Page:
Needless to say, the dollar appreciation will have a greater impact on foreign-debt repayments. At the end of FY 2020-21, Bangladesh's external debt amounted to US$60.15 billion compared to US$51.13 billion in the previous fiscal year. In other words, the foreign debt increased by about 18 per cent in a single year. It is estimated that by the end of 2023, Bangladesh's foreign debt will increase to US$115.0 billion If this trend continues, and by the end of 2024, Bangladesh will have a huge debt burden of US$130.0 billion on its shoulders. Most of the foreign loans are from the Asian Development Bank and the World Bank (about US$25.0 billion). The rest were borrowed mainly from three friendly countries-- India, China, and Russia. The amount of loans taken from China is US$17.54 billion, Russia US$11.38 billion, and India US$73.6 billion.

Due to the grace period, the debt burden on the domestic economy was low at the beginning as the government was not required to repay debts. The government must start the payment of loan installment consisting of interest and part of the principal by next year. Since the majority of foreign debts are denominated in dollar, the rise in the dollar value will increase the debt burden. Perhaps, the policymakers of the country would have considered the appreciation of dollars in making the borrowing decision.

However, such an incredible devaluation of the Bangladeshi taka was unpredictable and could not have been taken into consideration in making the borrowing decision. This means that the government is likely to face difficulties in repaying the increased debt burden. If this debt-servicing burden forces the government to take recourse to domestic sources of finance, the financial system of the country will face a tremendous pressure. Government borrowing is interest-inelastic which means that government borrowing does not depend on interest rate. However, private sector is interest-sensitive, and the level of private borrowing is mainly determined by the interest rate. Therefore, public borrowing from domestic sources may crowd the private sector out.

The financial sector of Bangladesh, basically a bank-based system, is already in a fragile state. Capital market is dominated by banks, bar some telecom companies. Corporate bond market is practically non-existent. Hence, the banking sector is the main source of funds to meet the required funding needs of individuals and firms. But that banking sector is plagued by various problems. The critical among them is the mounting level of default loan. According to Bangladesh Bank statistics, the amount of default loan was BDT1.13 trillion at the end of March 2022, which rose to BDT 1.25 trillion at the end of June 2022. This means that the amount of defaulted loans has increased by Tk 11817 billion in just three months. State-owned banks have the highest proportion of default loans which is about 22 per cent, or BDT 554.28 billion, of the total loans at the end of June 2022. Default loans of private banks accounted for 6 per cent of the total loans at the same time. These estimates were 20 per cent and 5.84 per cent, respectively, in the previous quarter.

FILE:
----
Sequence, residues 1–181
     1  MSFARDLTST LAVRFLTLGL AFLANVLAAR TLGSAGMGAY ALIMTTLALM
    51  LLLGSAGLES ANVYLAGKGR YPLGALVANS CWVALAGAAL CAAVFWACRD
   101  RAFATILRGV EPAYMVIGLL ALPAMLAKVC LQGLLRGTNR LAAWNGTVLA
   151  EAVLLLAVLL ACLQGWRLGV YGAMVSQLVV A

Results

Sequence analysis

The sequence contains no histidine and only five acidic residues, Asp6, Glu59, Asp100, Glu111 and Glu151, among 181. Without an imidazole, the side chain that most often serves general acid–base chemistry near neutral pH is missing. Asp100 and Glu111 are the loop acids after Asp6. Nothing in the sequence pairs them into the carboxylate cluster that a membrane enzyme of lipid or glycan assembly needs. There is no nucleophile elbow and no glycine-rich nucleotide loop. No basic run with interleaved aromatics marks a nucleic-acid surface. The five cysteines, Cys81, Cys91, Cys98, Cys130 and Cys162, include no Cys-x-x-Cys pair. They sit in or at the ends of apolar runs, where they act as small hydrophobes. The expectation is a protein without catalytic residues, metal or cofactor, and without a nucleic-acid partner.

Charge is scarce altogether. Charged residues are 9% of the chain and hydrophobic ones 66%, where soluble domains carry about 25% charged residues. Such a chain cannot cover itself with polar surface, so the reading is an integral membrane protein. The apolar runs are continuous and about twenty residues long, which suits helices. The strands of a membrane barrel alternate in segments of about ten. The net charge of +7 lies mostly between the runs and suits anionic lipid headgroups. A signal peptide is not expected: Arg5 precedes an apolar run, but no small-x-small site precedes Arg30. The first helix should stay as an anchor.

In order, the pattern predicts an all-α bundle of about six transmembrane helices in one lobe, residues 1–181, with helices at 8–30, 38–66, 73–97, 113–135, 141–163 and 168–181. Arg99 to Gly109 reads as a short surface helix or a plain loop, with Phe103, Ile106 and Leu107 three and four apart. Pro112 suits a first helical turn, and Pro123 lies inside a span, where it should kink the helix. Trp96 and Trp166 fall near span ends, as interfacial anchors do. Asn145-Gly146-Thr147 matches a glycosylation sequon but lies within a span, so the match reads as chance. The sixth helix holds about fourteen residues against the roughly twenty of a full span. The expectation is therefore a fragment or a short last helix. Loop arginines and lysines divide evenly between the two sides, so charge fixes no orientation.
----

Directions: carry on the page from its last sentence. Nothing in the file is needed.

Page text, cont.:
The interest-rate cap on deposit was fixed at 6 per cent in April 2020. However, the prevailing inflation rate of the country surpasses 9.0 per cent. It means, the real interest rate on deposit is negative as it is calculated by subtracting inflation from the nominal interest rate. In other words, the real value of bank deposits will decrease over time. This situation will encourage current consumption and discourage savings. In the long run it will have an adverse effect on the economy. However, the interest rate for all deposits is not the same. Interest rates vary depending on the type of deposit and tenure. According to Bangladesh Bank estimation, the average interest rate on deposits was 4.07 per cent in August. At current inflation rate, there is no economic rationale for depositors to keep money in banks.

The effect of negative real deposit rate, however, is felt on the growth of bank deposits. According to the data provided by the Bangladesh Bank, the deposit growth rate in the third quarter of the fiscal year 2022 was 10.2 per cent which decreased to 9.3 per cent in the last quarter (June 2022). Whereas in June 2021, the growth of deposit in the banking sector was 13.8 per cent. On the other hand, the 9.0-percent cap on lending rate, which is also lower than the inflation rate, encourages borrowers to borrow. The credit-growth rate was 14.4 per cent in June 2022, which was 13.4 per cent in the previous quarter. The trend of increased lending activities amidst the declining deposit growth rate, is likely to put a strain on the banks' own funds, which, in turn will weaken the banks' resilience and sustainability.